What Are You Looking For?

We live in cynical times. You may have had someone ask, “How do you know when a politician is lying?” And as you smirk and laugh you answer, “When his lips are moving.” The lies, hypocrisy, and unrighteous actions by our politicians, many religious figures, government bureaucrats, and community leaders is staggering. It is so easy to dismiss most of what they say and just go on with life.

One of issues with cynicism is that it becomes presumptuous. It almost always looks for the worst in people. It is toxic to friendships and causes feelings to be hurt. When we presume too much we think we know why another person, party, or group acts and speaks in the way they do. And yet, it is most often baseless, being void of fact. It happens at work. Why did they do my job for me? Are they trying to get me fired? It happens in marriage. Why did she do that? What does he want? What have they done? And it happens in the church. Why are they doing that? What’s their agenda? What direction are they headed?

What is the problem here? Or, maybe it might be better if we asked, where is the problem? The source lies in our heart as it is the beginning point for all we say and do, Matthew 15.15-20. Somehow we convince ourselves that we think we can read the hearts of other people. The only person who knows what he or she is thinking is them, not you, 1 Corinthians 2.12-13. You can think you know what their motives are, but who are you to make a determination? God has not blessed you with the power to know what someone else is thinking.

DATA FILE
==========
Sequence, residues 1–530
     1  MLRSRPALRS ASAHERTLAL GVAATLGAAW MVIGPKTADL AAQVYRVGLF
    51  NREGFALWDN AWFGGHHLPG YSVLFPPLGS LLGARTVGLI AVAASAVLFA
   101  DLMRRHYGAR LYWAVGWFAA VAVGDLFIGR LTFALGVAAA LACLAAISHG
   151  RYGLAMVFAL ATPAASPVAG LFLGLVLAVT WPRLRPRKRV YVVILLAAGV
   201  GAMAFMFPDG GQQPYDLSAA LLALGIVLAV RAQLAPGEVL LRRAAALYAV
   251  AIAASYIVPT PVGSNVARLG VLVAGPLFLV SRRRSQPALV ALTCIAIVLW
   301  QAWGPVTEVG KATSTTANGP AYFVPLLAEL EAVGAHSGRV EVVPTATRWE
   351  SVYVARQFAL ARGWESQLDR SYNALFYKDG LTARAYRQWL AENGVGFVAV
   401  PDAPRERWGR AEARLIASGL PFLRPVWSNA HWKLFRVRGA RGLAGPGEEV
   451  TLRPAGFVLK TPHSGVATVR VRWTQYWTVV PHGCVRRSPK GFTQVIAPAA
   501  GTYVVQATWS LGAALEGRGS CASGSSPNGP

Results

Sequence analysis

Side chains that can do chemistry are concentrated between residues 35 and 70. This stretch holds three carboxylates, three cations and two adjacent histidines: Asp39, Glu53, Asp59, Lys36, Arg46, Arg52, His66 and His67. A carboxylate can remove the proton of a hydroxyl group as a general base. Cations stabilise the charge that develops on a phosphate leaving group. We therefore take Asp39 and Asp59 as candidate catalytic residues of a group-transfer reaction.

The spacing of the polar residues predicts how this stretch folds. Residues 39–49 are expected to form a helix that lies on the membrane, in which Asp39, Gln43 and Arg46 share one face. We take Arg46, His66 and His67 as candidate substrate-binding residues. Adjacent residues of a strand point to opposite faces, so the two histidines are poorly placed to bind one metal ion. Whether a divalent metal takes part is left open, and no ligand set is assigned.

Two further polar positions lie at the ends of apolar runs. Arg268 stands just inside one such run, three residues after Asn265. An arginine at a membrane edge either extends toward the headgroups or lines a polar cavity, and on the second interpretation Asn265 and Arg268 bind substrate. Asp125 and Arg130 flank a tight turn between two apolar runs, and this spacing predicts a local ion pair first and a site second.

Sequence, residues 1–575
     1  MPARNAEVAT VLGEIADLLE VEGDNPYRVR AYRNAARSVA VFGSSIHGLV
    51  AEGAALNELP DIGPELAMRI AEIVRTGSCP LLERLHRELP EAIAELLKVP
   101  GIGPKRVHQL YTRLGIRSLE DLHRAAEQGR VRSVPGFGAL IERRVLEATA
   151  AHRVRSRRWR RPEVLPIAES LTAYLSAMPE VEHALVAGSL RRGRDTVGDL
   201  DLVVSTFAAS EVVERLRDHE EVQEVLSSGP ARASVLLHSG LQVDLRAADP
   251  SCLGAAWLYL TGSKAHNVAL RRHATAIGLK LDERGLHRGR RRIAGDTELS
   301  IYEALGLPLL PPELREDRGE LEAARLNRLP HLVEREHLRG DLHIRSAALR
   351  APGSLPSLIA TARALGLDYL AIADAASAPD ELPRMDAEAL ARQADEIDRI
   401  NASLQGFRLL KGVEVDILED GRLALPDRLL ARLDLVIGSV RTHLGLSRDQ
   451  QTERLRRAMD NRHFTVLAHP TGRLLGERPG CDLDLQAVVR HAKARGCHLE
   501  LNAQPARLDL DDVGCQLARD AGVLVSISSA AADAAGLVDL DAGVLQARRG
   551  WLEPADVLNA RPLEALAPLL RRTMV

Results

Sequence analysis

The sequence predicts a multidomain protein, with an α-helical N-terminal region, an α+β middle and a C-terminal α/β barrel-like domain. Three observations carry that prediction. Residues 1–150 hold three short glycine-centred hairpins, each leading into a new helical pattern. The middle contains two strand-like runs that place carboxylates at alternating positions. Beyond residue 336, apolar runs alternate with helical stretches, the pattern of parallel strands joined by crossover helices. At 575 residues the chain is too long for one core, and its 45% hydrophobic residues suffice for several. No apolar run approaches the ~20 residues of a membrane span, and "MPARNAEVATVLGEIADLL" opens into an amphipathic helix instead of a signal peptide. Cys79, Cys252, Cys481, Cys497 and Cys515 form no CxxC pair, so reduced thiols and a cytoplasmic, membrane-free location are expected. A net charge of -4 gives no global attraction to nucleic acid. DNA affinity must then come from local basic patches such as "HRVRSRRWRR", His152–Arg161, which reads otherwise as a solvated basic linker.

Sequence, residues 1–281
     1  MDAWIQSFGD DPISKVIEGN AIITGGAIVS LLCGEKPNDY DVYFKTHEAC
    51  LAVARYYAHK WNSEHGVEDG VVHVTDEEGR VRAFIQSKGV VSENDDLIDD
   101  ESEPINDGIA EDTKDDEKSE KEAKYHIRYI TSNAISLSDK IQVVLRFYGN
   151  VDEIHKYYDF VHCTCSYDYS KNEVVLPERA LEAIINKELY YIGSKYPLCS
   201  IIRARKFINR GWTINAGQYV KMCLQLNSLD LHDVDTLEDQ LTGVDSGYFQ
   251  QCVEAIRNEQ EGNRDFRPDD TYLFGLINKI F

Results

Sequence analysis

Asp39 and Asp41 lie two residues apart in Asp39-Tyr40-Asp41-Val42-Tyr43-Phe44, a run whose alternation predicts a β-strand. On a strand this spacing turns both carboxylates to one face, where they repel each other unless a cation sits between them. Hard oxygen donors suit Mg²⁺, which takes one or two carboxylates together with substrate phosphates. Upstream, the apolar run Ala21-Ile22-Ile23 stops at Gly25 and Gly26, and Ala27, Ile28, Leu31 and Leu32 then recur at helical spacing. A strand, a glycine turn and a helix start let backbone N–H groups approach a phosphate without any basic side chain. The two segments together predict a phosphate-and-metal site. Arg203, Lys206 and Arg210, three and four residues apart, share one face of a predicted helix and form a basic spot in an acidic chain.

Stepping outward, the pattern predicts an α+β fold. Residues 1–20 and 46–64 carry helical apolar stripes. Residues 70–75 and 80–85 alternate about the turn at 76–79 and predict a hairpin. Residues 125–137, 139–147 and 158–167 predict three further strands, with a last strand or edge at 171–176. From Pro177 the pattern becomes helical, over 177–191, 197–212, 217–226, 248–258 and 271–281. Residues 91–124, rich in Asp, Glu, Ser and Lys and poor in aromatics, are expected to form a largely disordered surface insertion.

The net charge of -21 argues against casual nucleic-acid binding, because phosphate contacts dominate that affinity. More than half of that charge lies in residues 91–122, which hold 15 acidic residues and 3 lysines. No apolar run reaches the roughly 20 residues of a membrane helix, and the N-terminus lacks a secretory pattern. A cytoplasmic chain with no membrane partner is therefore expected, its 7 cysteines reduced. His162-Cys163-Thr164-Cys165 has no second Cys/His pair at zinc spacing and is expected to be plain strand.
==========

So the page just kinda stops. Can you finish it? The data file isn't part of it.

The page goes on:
What does it say about a person’s heart when they assume the worst? Does it reflect sinful attitudes of jealousy, anger, slander, bitterness, rivalry, and hostility?

How do we keep from acting presumptuously?

Get the Facts. Don’t assume. Ask. Go straight to the source. Don’t “ask advice” from someone else. Search out the facts, Proverbs 25.2.

Don’t assume the worst in people. Love is the identifying mark of the Christian and one of its defining points is how it rejoices in the truth ...believes all things and hopes all things, … 1 Corinthians 13.7. It is sad to see some Christians who actually seem to hope for the worst in their sister congregations, finding any difference in attitude & practice as a "delicious morsel” to share with others. May we be aware of the warning found in Psalm 101.5: I will destroy anyone who secretly slanders his neighbor; I cannot tolerate anyone with haughty eyes or an arrogant heart.

Don’t wear your heart on your sleeve. Some people are so sensitive that others have to carefully engage with them so as not to offend or upset them. If you are struggling with what someone has said, or what is going on in the church, you have the responsibility to go straight to the other party and get things worked out, Matthew 5.23-24. Jesus says this is even more important than going to worship!

So what do you look for in others? Just because we live in a cynical world does not mean we have to follow in its ways. And just because many of our authority figures, politicians, and leaders are hypocritical doesn’t mean everyone else is. Let’s follow in steps of Jesus who, committed no son, and no deceit was found in his mouth, 1 Peter 2.22.
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Matthew Allen

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